Did God Die on the Cross? Part II by guest blogger Joe Lamay
|November 27, 2007||Posted by Rick Hogaboam under Theology|
A response was issued Pastor Joe LaMay, as pasted below. Joe responds in blue italics below that. For more information on part 1 of the dialog, check this link: http://endued.wordpress.com/2007/11/27/did-god-die-on-the-cross-by-guest-blogger-joe-lamay/
Dear Joe, Thanks for your answer and the time you took to write it.
You answer below appears to have been truncated but here’s my feedback on what I read below.
When a theological concept gets anything less than crystal clear, I prefer to go straight back to the infallible bible, bypassing ultimately fallible theologians who appear to have lined two or more sides of a given argument over the last 2000 years.
There are “reasoned” truths about the bible. And there are “stated” truths in the bible. Reasoned truths are those that theologians have pieced together or boiled down over time from various bible verses. An example of reasoned truth is the position that the divine essence of Christ could not have died on the cross since doing so would have messed up the eternal oneness of the holy trinity, which in itself is a reasoned truth.
While I have nothing against reasoned truths, the question arises, “What should we do when reasoned truths run up against ‘stated’ truth in the bible?” Let’s start with the following ten passages:
“This is now the third time Jesus showed Himself to His disciples after He was raised from the dead.” (John 21:14)
“let it be known to you all, and to all the people of Israel, that by the name of Jesus Christ of Nazareth, whom you crucified, whom God raised from the dead, by Him this man stands here before you whole.” (Acts 4:10)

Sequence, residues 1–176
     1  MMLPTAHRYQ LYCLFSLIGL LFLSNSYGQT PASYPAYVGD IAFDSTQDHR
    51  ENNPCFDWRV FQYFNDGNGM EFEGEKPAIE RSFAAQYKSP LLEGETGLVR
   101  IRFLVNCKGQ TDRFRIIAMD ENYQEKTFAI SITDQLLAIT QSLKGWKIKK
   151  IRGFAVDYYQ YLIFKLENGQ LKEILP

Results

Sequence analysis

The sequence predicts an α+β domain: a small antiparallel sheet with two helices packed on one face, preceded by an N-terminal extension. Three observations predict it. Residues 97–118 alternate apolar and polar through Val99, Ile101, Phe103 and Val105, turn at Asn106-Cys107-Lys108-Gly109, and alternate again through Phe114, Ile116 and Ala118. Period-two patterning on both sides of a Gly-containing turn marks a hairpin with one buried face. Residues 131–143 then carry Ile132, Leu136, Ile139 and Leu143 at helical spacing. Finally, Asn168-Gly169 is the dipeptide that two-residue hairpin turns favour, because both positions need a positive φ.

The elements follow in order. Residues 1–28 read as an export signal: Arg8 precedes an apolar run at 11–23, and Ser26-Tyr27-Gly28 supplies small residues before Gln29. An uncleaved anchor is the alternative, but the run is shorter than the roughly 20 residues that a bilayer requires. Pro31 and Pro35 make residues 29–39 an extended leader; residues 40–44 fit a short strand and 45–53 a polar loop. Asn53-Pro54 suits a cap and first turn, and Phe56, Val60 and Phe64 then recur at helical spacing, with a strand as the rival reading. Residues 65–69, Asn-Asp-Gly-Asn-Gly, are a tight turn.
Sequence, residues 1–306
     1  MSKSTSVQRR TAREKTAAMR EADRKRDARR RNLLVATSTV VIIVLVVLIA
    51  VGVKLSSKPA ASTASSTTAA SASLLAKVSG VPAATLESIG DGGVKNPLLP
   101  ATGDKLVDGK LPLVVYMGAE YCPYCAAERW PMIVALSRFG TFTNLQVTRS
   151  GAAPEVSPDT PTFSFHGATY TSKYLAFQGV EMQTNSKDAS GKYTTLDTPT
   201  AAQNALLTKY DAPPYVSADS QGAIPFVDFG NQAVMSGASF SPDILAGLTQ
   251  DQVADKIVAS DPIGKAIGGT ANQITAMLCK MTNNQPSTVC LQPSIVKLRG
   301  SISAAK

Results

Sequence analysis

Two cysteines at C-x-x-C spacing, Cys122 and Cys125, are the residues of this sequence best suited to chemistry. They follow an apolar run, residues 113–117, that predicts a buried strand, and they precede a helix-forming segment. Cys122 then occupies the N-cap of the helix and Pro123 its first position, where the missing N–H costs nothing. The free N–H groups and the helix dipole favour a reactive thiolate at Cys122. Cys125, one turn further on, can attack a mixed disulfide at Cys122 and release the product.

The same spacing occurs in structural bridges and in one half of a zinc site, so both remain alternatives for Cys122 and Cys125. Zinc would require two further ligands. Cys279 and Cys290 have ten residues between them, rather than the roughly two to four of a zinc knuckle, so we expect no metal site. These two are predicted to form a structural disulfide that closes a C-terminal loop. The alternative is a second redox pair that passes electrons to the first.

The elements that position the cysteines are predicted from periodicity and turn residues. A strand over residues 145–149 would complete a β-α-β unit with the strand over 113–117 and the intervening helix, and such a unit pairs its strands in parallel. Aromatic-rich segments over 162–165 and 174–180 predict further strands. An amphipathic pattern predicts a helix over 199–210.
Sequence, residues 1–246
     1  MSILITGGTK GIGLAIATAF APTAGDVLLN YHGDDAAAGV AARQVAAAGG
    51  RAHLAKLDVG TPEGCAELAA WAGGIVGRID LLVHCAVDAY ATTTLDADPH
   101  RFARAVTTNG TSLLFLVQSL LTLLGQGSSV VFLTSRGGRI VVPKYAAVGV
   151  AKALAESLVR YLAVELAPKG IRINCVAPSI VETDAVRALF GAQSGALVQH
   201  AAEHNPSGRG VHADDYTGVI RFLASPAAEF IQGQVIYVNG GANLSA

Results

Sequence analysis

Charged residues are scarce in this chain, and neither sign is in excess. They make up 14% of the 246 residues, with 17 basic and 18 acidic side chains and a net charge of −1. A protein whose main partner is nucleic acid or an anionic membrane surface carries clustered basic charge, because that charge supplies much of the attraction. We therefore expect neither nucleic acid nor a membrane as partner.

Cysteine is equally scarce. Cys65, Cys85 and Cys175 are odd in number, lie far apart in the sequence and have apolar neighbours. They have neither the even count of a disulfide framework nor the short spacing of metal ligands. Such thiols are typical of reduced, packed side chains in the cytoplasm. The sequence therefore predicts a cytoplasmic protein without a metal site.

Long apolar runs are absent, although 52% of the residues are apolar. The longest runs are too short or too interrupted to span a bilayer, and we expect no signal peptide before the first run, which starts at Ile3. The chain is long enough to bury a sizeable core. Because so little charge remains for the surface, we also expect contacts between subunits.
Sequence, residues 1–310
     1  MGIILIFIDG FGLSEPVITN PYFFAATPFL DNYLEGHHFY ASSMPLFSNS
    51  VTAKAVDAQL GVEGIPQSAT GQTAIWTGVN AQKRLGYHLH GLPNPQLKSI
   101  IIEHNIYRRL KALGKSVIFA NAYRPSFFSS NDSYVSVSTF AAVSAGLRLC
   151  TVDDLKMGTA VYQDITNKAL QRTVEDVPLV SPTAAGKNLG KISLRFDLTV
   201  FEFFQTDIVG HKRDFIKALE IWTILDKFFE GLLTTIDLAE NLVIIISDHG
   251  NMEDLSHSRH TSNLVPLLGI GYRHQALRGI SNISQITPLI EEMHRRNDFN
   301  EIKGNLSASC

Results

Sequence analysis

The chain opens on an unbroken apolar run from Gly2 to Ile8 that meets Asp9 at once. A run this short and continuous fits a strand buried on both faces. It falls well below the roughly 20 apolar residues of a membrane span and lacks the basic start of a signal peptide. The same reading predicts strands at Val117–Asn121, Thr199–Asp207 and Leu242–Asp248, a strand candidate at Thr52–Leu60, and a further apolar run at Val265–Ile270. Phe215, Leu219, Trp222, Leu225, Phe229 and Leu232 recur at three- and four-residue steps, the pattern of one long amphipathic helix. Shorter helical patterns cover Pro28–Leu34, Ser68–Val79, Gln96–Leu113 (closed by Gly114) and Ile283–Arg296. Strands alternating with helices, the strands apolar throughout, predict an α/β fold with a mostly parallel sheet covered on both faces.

“Then Paul, as his custom was, went in to them, and for three Sabbaths reasoned with them from the Scriptures, explaining and demonstrating that the Christ had to suffer and rise again from the dead, and saying, ‘This Jesus whom I preach to you is the Christ.” (Acts 17:2-3)
“It shall be imputed to us who believe in Him who raised up Jesus our Lord from the dead, who was delivered up because of our offenses, and was raised because of our justification.” (Romans 4:24-25)
“But if the Spirit of Him who raised Jesus from the dead dwells in you, He who raised Christ from the dead will also give life to your mortal bodies through His Spirit who dwells in you.” (Romans 8:11)
“Paul, an apostle (not from men nor through man, but through Jesus Christ and God the Father who raised Him from the dead)” (Galatians 1:1)
“Remember that Jesus Christ, of the seed of David, was raised from the dead according to my gospel,” (2 Timothy 2:8)
“Blessed be the God and Father of our Lord Jesus Christ, who according to His abundant mercy has begotten us again to a living hope through the resurrection of Jesus Christ from the dead,” (1 Peter 1:3)“For if we believe that Jesus died and rose again, even so God will bring with Him those who sleep in Jesus.” (1 Thessalonians 4:14)
“and from Jesus Christ, the faithful witness, the firstborn from the dead, and the ruler over the kings of the earth. To Him who loved us and washed us from our sins in His own blood (Revelation 1:5)
In all 10 passages above, the entity identified as having been “died” or “dead” or raised from the dead is Jesus. There’s nothing in the text to suggest that the dead and resurrected entity is confined to Jesus only in his human essence.
Now consider these four passages in turn:
Now as they came down from the mountain, Jesus commanded them, saying, ‘Tell the vision to no one until the Son of Man is risen from the dead.’ (Matthew 17:9)
‘Son of Man’ is how Daniel refers to Jesus in His deity in Daniel chapter 7, and Son of Man is Whom Jesus says will rise from the dead.
“For Moses writes about the righteousness which is of the law, ‘The man who does those things shall live by them.’ But the righteousness of faith speaks in this way, ‘Do not say in your heart, Who will ascend into heaven? (that is, to bring Christ down from above) or, Who will descend into the abyss? (that is, to bring Christ up from the dead).” (Romans 10:5-7)